Why Solo Diners Rule
One bartender's ode to the one-top.
February 27, 2017 ● 2 min read
By LM Schnaubelt | Photo illustration ChefsFeed
Dear Solo Diner,
You sweet, hungry unicorn. You curious, independent soul. You mysterious, course-crushing adventurer.
So rare in a packed bar of couples and parties of four and six. You’ve so patiently played snag-a-barstool, and you will be rewarded. We promise not to lose you in the hustle. We’re here to take care of you. To feed you uni pasta, margaritas, fancy bread and butter, and good clean hospitality. The bar top, the stools, the comfy foot rail — they were all built to welcome you.
You may not realize this, but you bring me back to the purest form of my job, back to the innocent romance of bellying up to the bar for a good meal, a little booze, and a bit of human connection. I’ll type your tab name for your perfect party of one: S-O-L-O D-I-N-E-R. That phrase flies around the kitchen and bar as our code to keep an extra special eye on you. Oddly, you’re so rare that there’s never any confusion; almost never are there two of you at the bar at the same moment. You’re our one and only, one at a time.
The bar is where you can break the traditions of the dining room. You can have daiquiris for dinner. You can start alone, have five friends meet you, and end alone. When you eat your martini onion two seconds after your cocktail lands, another one shall appear without a mention. As your bartender, I will never leave your sight. Your curiosity and respect for the work I do makes me want to do it even better.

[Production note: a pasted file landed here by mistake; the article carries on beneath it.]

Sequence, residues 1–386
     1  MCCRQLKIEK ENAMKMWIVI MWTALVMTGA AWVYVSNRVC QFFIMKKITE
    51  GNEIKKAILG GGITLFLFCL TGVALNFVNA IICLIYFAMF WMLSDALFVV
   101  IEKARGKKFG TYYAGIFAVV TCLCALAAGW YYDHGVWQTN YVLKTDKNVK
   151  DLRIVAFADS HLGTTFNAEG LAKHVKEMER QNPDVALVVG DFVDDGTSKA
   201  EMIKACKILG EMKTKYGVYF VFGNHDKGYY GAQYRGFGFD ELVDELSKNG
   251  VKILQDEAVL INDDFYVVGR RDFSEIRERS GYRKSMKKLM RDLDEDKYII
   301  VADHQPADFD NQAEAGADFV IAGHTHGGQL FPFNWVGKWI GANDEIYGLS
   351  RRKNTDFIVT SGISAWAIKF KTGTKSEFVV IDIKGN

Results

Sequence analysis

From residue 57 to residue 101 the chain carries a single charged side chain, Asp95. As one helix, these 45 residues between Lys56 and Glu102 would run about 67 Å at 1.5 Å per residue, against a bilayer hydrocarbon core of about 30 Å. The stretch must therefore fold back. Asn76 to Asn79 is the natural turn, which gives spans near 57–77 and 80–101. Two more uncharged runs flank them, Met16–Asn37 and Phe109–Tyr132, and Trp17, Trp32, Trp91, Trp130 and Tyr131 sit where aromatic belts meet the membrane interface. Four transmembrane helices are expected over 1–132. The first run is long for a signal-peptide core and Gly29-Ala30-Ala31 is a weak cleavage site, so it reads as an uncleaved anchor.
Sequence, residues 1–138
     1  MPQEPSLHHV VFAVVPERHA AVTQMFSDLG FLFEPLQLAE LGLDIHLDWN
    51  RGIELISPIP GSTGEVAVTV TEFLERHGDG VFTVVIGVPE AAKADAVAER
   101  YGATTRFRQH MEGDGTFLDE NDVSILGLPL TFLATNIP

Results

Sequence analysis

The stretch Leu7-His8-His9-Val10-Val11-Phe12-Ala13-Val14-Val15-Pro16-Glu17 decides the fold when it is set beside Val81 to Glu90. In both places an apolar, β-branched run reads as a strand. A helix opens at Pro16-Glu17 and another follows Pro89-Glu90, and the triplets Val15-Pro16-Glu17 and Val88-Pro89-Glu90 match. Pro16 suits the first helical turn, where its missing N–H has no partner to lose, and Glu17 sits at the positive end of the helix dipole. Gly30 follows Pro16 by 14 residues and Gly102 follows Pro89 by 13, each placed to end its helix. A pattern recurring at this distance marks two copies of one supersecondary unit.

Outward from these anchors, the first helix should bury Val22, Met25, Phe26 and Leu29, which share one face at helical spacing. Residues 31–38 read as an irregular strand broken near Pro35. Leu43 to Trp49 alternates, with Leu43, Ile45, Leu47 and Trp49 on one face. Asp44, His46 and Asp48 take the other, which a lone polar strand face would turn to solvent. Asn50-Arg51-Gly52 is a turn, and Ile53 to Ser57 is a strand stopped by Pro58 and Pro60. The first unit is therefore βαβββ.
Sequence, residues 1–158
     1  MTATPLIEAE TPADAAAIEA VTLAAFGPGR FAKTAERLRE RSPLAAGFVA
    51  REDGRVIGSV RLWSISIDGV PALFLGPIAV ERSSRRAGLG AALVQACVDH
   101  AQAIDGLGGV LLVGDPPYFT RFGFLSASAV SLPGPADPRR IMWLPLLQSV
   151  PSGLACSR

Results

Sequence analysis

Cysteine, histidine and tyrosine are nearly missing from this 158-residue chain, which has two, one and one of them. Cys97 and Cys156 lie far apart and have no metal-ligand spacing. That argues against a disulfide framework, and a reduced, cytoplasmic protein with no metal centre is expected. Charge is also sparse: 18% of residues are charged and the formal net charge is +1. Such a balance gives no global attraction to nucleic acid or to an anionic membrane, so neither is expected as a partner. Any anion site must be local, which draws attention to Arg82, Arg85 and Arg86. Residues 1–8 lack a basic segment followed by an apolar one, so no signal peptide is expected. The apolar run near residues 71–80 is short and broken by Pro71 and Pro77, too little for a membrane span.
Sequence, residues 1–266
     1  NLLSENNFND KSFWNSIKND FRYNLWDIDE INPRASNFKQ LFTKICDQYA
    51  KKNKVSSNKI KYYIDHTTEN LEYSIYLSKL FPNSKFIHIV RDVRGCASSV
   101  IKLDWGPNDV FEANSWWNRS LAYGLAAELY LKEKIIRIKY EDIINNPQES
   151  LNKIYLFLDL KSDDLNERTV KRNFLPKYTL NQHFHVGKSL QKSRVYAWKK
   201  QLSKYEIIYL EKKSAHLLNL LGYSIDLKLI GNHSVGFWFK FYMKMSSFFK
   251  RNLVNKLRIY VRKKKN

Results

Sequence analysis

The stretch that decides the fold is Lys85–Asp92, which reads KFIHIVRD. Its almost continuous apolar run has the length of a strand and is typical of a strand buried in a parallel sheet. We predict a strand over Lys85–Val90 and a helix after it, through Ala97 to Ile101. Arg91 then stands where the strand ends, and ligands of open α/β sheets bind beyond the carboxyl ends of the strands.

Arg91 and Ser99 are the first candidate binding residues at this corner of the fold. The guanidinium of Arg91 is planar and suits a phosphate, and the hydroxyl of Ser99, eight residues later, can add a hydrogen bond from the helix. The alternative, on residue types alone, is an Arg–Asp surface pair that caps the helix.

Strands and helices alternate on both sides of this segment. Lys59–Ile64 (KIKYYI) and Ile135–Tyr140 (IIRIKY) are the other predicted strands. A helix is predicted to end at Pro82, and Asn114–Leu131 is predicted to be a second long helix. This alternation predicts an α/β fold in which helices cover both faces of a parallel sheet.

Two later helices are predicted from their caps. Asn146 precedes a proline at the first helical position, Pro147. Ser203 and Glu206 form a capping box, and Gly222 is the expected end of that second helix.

Solo diners impress me with their willingness to place their experience in our hands. They aren’t there to put it in the hands of a friendship, relationship, or coworker. They’re there to have a great drink, or a meal, or a daiquiri-drink-meal, and be a part of a culture without sacrificing their independence. It’s incredibly personal to wait on one person at a time and endlessly fun to try to exceed the expectations of each. The prize is seeing someone have exactly the experience they needed and to see them leave comforted.
When a solo diner sits down I feel like the WALK sign turns on — an energetic bouncy relief, like the waiting is over and we can get the place we are meant to go. The person seated in front of me is not under pressure on a date: the pressure is on me, and I love that challenge. It’s a joy to retreat into this shot at perfect and simple service — the type of service that sneaks up on you and gives you things you didn’t know you needed. To great bartenders, providing service with that level of precision is addictive.
It makes me happy to see someone fed. It is also a joy to be needed. You give me your trust, I take care of you; because you are curious, we can be creative. Because you chose to belly up, I get to hone my skills to the scale of one. One thing at a time. One perfect Manhattan. Half-glass for course two. Sharp knife for course three. One amaro for your tum tum, but the right one for you is Meletti.
It’s about time we had a secret handshake, I think.